14. The method for fabricating a diffractive optical element set forth in claim 13, satisfying a formula of

0.990≦(T 2/T 1)H/10000)≦1.010
wherein the H (unit: μm) represents a height of said diffraction grating, and for said second element to be cured by said light rays being transmitted through said first element, the T1 represents the transmittance per 10 mm through said first element while the T2 represents the transmittance per 10 mm through said second element.
15. The method for fabricating a diffractive optical element set forth in claim 14, wherein said light rays that pass through said first element and cure said second element are ultraviolet rays.
16. The method for fabricating a diffractive optical element set forth in claim 15, wherein said ultraviolet rays are in i-line.
17. The method for fabricating a diffractive optical element set forth in claim 13, wherein said light rays that pass through said first element and cure said second element are ultraviolet rays.
18. The method for fabricating a diffractive optical element set forth in claim 17, wherein said ultraviolet rays are in i-line.
Description
INCORPORATION BY REFERENCE

The disclosures of the following priority applications are herein incorporated by reference:

Japanese Patent Applications No. 2004-099133 filed on Mar. 30, 2004 and No. 2005-062710 filed on Mar. 7, 2005.

FIELD OF THE INVENTION

The present invention relates generally to a diffractive optical element and a fabrication method thereof and particularly to a diffractive optical element and a fabrication method thereof which optical element is applicable for a plurality of wavelengths or bandwidths, for example, in a photographic optical system, a binocular, a telescope, a microscope and the like.

BACKGROUND OF THE INVENTION

There is a conventional method of employing an diffractive optical element for reducing chromatic aberrations. In this method, a diffractive optical element is provided on a lens surface, or it is provided not on a lens surface but at another part of an optical system.

A diffractive optical element is an optical element which has a grating with a large number of very fine and evenly spaced parallel grooves or slits, the number being several hundreds per minute interval (for example, per 1 mm). This optical element has a characteristic that a beam of light, before passing through the optical element, goes through a change in direction which is defined by the wavelength of the light and the pitch (clearance) of the grooves or slits of the diffraction grating. Such diffractive optical elements are used in various types of optical systems. For example, a diffractive optical element is used as a lens to focus light rays with a specific order of diffraction for reducing chromatic aberrations.

In recent years, a so-called multilayer diffractive optical element has been proposed as such a diffractive optical element. This type of diffractive optical element comprises a plurality of diffractive elements, which are placed one over another, each element having a surface formed with a sawtooth-like cross section. This type of diffractive optical element displays a high diffraction efficiency for almost all region in a desired wavelength range (for example, the visible light range), so it offers good wavelength characteristics.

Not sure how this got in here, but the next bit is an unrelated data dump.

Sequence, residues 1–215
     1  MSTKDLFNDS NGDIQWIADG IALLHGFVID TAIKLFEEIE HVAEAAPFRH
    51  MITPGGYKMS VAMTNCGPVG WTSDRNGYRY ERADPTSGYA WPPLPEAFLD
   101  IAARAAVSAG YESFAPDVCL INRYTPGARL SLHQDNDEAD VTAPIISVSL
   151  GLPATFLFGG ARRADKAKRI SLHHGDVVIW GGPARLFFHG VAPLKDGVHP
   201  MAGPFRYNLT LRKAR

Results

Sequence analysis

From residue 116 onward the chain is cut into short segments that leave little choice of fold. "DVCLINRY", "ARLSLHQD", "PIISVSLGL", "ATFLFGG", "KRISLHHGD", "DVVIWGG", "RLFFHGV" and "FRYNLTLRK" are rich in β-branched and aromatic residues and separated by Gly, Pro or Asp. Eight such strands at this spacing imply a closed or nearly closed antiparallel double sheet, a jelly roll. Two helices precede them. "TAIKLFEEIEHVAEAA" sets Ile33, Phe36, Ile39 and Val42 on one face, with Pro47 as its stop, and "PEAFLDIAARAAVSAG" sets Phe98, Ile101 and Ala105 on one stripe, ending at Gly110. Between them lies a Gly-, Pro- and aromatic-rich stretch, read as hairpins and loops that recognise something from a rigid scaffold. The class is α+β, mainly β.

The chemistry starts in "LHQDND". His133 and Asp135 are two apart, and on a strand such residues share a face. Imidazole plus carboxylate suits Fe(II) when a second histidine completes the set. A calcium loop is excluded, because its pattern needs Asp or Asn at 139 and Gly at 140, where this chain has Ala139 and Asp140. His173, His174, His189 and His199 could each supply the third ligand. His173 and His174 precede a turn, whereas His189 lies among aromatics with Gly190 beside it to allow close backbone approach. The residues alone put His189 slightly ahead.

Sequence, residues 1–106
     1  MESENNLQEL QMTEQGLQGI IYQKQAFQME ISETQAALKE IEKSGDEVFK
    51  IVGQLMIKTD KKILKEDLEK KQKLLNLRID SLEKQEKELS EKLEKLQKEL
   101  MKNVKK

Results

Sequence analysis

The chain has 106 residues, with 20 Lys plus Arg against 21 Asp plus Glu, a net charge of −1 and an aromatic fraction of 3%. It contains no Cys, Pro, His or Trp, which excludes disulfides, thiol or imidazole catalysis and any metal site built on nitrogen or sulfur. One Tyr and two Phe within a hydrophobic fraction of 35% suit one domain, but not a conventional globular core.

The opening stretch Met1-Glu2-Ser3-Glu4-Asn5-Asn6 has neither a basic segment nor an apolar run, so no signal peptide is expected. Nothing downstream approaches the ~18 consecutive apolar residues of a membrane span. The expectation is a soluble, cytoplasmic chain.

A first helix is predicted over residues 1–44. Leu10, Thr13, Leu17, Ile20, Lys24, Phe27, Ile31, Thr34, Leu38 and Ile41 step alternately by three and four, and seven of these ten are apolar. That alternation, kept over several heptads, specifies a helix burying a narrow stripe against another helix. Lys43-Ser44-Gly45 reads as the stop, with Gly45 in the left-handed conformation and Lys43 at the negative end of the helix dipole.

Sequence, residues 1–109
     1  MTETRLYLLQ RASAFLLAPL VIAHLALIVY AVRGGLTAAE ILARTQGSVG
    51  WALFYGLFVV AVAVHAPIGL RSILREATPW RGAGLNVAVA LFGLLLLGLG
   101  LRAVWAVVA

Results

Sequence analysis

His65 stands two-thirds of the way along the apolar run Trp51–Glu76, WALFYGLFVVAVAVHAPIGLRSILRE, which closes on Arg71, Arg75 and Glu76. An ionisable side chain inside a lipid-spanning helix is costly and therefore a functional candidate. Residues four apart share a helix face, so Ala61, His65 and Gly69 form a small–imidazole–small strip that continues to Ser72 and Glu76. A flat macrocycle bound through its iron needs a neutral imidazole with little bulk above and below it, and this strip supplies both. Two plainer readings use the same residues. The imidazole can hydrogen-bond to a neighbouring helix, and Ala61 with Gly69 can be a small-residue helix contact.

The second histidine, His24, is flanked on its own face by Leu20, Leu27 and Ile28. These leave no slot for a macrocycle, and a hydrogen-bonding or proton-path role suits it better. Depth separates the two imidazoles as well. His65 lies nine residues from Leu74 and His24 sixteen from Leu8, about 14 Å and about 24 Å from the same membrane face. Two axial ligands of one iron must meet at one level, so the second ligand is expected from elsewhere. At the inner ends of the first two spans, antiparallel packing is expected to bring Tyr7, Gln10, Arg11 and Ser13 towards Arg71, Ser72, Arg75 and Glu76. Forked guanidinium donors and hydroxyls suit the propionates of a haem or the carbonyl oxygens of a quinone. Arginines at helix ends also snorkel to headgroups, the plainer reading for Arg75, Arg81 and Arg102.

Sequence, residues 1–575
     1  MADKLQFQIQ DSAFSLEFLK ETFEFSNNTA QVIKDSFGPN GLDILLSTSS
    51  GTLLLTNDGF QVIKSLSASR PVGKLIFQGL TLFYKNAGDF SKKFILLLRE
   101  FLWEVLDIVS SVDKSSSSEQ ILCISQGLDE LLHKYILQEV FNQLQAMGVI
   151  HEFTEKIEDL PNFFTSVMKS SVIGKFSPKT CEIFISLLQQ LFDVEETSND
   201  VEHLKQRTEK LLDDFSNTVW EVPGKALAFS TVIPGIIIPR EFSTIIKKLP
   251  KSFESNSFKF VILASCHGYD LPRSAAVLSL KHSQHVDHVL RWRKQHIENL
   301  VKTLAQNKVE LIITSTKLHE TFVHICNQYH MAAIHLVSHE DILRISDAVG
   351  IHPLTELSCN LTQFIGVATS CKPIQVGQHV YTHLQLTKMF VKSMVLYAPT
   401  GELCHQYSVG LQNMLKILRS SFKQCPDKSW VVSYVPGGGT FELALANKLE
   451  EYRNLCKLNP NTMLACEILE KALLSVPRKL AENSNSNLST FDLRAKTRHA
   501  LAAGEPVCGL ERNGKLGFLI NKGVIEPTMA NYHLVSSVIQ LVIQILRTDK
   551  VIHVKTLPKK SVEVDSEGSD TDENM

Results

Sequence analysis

A well known multilayer diffractive optical element is a bonded bilayer diffractive optical element, in which, for example, two types of diffractive optical elements made from different materials are bonded together at their identical diffraction gratings (for example, refer to Japanese Laid-Open Patent Publication No. H9(1997) 127321).

For fabricating such a bonded bilayer diffractive optical element, there is a replica method. In this method, a photo-setting resin is dropped on a base plate, and the dropped resin is stamped with a metal die that has a relief whose shape is counter to a desired grating. Then, the stamped resin is cured by a light beam from a light source for setting the resin in the shape of an optical element before it is removed from the plate and the metal die.

In a case where a bonded bilayer diffractive optical element is fabricated by such a replica method, a first ultraviolet-curable resin and a second ultraviolet-curable resin, which are different from each other, are prepared as materials for forming the optical element. Firstly, the first ultraviolet-curable resin dropped on a base plate is stamped with a metal die having a counter relief of a desired diffraction grating, and this resin is treated with an ultraviolet light beam. After the resin has cured, the metal die is removed from the resin, which is now set as a first diffractive element. Secondly, the second ultraviolet-curable resin is dropped on the surface which has the diffraction grating of the first diffractive element, and this resin is stamped with a metal die for surface formation and treated with an ultraviolet light beam for curing. Finally, the surface-forming metal die is removed from the latter resin, which is now set as a second diffractive element. As a result of this procedure, an diffractive optical element is created, comprising these two elements, one from the first ultraviolet-curable resin and the other from the second ultraviolet-curable resin, bonded at the common diffraction grating.

In this fabrication method, which is a replication technology, the ultraviolet-light irradiation for curing the second ultraviolet-curable resin is performed from the side of the first ultraviolet-curable resin. In general, since a photo-setting resin such as an ultraviolet-curable resin has a relatively low transmittance, thick part of an element made from a photo-setting resin has a transmittance lower than the other part. This tendency is remarkable especially in short-wavelength region.